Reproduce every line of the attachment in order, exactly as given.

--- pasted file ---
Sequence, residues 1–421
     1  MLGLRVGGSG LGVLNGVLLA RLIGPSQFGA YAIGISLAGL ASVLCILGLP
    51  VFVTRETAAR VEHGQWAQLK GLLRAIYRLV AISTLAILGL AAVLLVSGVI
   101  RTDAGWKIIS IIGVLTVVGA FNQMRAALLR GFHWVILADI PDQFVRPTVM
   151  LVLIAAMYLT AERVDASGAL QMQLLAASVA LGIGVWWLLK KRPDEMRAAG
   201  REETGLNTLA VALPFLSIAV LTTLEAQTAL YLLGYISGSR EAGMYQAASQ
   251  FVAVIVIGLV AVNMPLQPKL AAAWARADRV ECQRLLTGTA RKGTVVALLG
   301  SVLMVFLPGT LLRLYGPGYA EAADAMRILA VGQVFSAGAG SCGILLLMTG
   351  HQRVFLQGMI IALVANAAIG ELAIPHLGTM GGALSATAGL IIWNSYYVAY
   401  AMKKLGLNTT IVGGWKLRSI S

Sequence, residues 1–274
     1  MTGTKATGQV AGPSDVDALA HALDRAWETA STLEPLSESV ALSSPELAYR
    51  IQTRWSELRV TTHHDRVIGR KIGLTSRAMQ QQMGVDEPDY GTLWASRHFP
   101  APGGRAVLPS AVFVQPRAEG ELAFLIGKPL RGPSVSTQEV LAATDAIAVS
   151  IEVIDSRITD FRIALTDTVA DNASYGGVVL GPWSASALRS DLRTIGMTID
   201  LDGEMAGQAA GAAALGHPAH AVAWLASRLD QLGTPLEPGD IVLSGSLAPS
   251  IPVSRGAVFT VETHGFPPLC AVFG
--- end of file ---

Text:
Sequence, residues 1–421
     1  MLGLRVGGSG LGVLNGVLLA RLIGPSQFGA YAIGISLAGL ASVLCILGLP
    51  VFVTRETAAR VEHGQWAQLK GLLRAIYRLV AISTLAILGL AAVLLVSGVI
   101  RTDAGWKIIS IIGVLTVVGA FNQMRAALLR GFHWVILADI PDQFVRPTVM
   151  LVLIAAMYLT AERVDASGAL QMQLLAASVA LGIGVWWLLK KRPDEMRAAG
   201  REETGLNTLA VALPFLSIAV LTTLEAQTAL YLLGYISGSR EAGMYQAASQ
   251  FVAVIVIGLV AVNMPLQPKL AAAWARADRV ECQRLLTGTA RKGTVVALLG
   301  SVLMVFLPGT LLRLYGPGYA EAADAMRILA VGQVFSAGAG SCGILLLMTG
   351  HQRVFLQGMI IALVANAAIG ELAIPHLGTM GGALSATAGL IIWNSYYVAY
   401  AMKKLGLNTT IVGGWKLRSI S

Sequence, residues 1–274
     1  MTGTKATGQV AGPSDVDALA HALDRAWETA STLEPLSESV ALSSPELAYR
    51  IQTRWSELRV TTHHDRVIGR KIGLTSRAMQ QQMGVDEPDY GTLWASRHFP
   101  APGGRAVLPS AVFVQPRAEG ELAFLIGKPL RGPSVSTQEV LAATDAIAVS
   151  IEVIDSRITD FRIALTDTVA DNASYGGVVL GPWSASALRS DLRTIGMTID
   201  LDGEMAGQAA GAAALGHPAH AVAWLASRLD QLGTPLEPGD IVLSGSLAPS
   251  IPVSRGAVFT VETHGFPPLC AVFG